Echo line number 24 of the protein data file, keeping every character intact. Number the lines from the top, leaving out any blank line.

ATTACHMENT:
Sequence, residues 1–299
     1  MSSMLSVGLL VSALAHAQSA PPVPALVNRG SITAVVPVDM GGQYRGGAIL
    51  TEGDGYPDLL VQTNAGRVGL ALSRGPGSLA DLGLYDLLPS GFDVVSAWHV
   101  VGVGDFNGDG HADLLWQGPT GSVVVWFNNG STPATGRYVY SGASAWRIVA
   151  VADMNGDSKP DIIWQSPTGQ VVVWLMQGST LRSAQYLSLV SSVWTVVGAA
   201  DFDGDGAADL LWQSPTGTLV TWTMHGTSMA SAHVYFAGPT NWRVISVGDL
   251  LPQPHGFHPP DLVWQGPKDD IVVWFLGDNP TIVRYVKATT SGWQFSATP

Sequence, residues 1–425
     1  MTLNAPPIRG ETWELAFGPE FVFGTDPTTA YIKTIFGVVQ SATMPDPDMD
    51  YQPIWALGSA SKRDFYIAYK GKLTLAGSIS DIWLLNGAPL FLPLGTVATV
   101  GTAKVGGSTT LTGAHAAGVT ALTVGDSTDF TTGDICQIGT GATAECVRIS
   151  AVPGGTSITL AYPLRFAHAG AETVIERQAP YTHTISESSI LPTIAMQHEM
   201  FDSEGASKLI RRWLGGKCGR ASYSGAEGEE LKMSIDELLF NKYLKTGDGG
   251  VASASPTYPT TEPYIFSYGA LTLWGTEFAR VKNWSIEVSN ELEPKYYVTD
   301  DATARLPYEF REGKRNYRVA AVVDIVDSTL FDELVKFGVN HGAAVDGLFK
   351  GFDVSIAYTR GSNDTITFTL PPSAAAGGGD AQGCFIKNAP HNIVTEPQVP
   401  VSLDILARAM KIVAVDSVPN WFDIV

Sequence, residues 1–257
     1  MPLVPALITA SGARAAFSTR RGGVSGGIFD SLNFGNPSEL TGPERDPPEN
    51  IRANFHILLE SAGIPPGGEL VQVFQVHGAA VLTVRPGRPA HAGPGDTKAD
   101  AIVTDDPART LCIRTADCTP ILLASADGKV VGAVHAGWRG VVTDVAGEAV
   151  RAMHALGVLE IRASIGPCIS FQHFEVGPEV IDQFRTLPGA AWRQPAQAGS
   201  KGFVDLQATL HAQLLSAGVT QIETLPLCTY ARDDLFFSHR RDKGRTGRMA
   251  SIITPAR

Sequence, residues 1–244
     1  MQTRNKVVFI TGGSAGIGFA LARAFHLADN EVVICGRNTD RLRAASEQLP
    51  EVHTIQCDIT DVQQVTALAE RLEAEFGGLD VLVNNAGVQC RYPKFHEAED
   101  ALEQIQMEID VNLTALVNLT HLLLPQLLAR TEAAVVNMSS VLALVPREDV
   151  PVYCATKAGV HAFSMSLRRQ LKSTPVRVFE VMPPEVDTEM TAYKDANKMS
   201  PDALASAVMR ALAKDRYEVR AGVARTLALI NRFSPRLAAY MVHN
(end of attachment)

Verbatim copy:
   251  SIITPAR